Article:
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Kraft Heinz applies for tax break to renovate Columbia hot dog factory

A photo of the Kraft Heinz sign outside of its factory
Hunter Walterman
In its application for the abatement, Kraft Heinz said further investment in the facility is only achievable "through a strong public/private partnership."

A new report is injecting uncertainty into the future of a Columbia factory. The Wall Street Journal reported Monday that international conglomerate Kraft Heinz is considering selling meat producer Oscar Mayer.

Oscar Mayer's iconic "wiener" hot dogs are manufactured at the Columbia factory off of Route B. Kraft Heinz is applying for a tax break to help invest more than $92 million to replace three production lines and invest in "decarbonization" technology.

The renovation is part of a company-wide effort to reduce its carbon footprint globally by 2050, according to a company presentation reviewed by KOMU 8. The factory is the "backbone" of the Oscar Mayer brand, according to the presentation.

However, Kraft Heinz said it is considering moving all or part of the plant's operations to another state or country because of lower profitability compared to other sites. In its application for the abatement, Kraft Heinz said further investment in the facility is only achievable "through a strong public/private partnership."

"State incentives, such as retention withholdings/tax credits, will be factored into the company's overall business decision to both move forward with Project Lightyear and keep Oscar Mayer hot dog production at the Columbia, MO facility," the company wrote.

The investment would strengthen Oscar Mayer's ability to retain the factory's 447 full-time employees, according to the company. The decarbonization efforts, called Project Lightyear, would include installing solar energy to produce electricity and steam on site. It would also include assets to recover waste heat.

The company is asking for up to a 75% personal property tax abatement — or tax break — on new equipment it purchases to upgrade the facility. The abatement would last 10 years, or as long as the equipment is functional. Kraft Heinz is also asking for a 100% sales tax exemption on building materials for the project.

The abatement has the support of county leaders, including Boone County Presiding Commissioner Kip Kendrick, who said he hopes the company's jobs can stay in the county.

"We hope that the end result is that Kraft Heinz remains a significant employer here in Boone County," Kendrick said. "And remains an important part of the community for years to come."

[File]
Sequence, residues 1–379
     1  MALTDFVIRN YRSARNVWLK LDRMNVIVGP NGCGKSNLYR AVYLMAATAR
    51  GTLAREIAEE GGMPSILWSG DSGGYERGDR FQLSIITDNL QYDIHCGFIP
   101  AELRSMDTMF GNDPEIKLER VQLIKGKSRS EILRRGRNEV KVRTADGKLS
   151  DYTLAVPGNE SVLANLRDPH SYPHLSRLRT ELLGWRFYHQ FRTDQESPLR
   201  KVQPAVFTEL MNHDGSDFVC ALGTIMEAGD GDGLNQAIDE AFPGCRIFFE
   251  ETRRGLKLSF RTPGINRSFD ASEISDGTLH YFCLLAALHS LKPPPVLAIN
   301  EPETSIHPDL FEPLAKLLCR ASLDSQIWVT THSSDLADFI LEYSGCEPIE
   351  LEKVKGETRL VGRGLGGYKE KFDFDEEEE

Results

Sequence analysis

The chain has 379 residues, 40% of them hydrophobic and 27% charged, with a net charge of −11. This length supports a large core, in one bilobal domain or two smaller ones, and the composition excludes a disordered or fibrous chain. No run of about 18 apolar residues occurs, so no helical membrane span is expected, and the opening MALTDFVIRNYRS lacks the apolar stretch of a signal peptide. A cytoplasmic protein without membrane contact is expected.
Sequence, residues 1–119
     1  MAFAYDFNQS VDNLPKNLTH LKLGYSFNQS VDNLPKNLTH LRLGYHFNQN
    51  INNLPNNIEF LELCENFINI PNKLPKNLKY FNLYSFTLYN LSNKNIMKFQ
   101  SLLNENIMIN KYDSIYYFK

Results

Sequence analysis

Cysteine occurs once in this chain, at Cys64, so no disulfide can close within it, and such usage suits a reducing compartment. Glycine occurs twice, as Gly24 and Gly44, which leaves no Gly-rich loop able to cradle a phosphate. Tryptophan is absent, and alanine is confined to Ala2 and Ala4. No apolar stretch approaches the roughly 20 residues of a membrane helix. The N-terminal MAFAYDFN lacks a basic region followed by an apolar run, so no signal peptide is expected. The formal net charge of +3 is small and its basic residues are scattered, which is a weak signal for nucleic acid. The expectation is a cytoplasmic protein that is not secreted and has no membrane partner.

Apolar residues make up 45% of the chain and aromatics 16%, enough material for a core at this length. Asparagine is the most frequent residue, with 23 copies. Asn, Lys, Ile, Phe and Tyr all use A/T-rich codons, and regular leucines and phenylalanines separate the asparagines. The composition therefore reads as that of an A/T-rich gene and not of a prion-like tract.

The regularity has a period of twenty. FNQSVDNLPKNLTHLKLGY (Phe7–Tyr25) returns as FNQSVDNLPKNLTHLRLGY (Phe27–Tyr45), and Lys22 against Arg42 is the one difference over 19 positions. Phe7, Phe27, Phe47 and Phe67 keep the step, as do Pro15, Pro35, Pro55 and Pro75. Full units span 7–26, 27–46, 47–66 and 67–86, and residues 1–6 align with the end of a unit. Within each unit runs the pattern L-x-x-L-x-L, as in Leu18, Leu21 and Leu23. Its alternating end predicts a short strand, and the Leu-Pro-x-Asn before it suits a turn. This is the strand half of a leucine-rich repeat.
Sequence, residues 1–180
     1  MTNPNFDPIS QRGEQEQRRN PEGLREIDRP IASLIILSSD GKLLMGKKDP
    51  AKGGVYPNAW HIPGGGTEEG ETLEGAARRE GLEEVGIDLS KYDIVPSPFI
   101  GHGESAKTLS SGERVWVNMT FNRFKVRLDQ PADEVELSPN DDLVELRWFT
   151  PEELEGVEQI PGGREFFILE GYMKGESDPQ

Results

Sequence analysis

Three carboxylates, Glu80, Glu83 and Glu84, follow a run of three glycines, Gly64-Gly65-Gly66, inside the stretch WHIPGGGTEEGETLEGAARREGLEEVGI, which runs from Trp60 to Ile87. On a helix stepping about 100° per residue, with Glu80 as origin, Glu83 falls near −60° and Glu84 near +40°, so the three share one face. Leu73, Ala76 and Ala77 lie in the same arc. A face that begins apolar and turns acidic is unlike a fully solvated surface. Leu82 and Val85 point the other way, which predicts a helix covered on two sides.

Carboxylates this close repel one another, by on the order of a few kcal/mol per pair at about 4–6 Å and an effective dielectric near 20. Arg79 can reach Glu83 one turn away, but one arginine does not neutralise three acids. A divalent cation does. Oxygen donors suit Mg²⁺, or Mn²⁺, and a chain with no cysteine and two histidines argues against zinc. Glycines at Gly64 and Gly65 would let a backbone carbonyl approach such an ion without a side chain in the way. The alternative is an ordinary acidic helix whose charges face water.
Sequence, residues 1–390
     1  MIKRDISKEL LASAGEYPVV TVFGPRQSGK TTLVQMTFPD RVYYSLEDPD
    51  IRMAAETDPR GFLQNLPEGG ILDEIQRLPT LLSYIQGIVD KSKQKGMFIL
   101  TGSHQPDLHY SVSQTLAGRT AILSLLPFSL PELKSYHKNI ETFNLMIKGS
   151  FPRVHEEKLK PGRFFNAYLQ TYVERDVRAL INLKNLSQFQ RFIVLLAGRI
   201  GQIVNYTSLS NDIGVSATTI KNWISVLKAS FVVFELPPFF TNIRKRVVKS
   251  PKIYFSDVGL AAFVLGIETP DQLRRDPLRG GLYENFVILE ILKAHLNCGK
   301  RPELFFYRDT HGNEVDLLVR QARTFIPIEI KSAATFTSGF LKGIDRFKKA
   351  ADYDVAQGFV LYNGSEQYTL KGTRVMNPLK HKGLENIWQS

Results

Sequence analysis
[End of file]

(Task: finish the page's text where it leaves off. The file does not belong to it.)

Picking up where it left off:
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Kendrick said there will likely be ongoing discussions about how to move forward in the wake of the Wall Street Journal report. He said it shouldn't have any impact on the abatement itself but would likely influence the performance agreement between the county and Kraft Heinz. The performance agreement stipulates conditions for a company to receive an abatement, including maintaining a certain level of employment.

Regional Economic Development Inc. (REDI), is helping to shepherd Kraft Heinz through the abatement process. REDI is a quasi-government organization that helps promote economic development in Columbia and Boone County. The county administers the abatements through its Chapter 100 Policy, which establishes a process for companies to apply for property tax abatements.

A majority of the tax jurisdictions impacted by the abatement have to approve it. Each jurisdiction has a representative on the Chapter 100 Review Panel. Impacted jurisdictions include Columbia Public Schools, Boone County and the city of Columbia, among others.

Columbia School Board President Suzette Waters is the district's representative on the board. On Monday, the School Board unanimously directed Waters to vote in favor of the abatement. Kraft Heinz gave a presentation on the abatement during the meeting, according to School Board member Blake Willoughby.

Willoughby said he supports the abatement because of the value the factory brings to Columbia. The school district will receive an estimated $1.1 million in tax revenue over 11 years as a result of the improvements, according to a company presentation. Willoughby pointed out the factory has deep ties to the community, including a partnership with City of Refuge. The company said it plans to hire between three and four City of Refuge clients this month.

"The other thing is, let's say the factory does leave, right?" Willoughby said. "There would be a reduced set of property taxes we, the district, and other taxing entities would be receiving."

The Columbia factory was first built in 1985. Oscar Mayer expanded the plant in 1991, adding a packaging line and the ability to make bun-length hot dogs. The plant was expanded two more times, in 1998 and 2016. Most recently, the company added a fourth packaging line and replaced its raw meat processing systems, according to a presentation from the company.

The review panel and Boone County Commission still need to sign off on the abatement before it is approved.

To report an error or typo, email news@komu.com.

KOMU 8 is a full-powered NBC affiliate operating as an independent commercial property. As such, KOMU 8 is the only major network affiliate in the United States that acts as a university-owned commercial television station utilizing its newsroom as a working lab for students.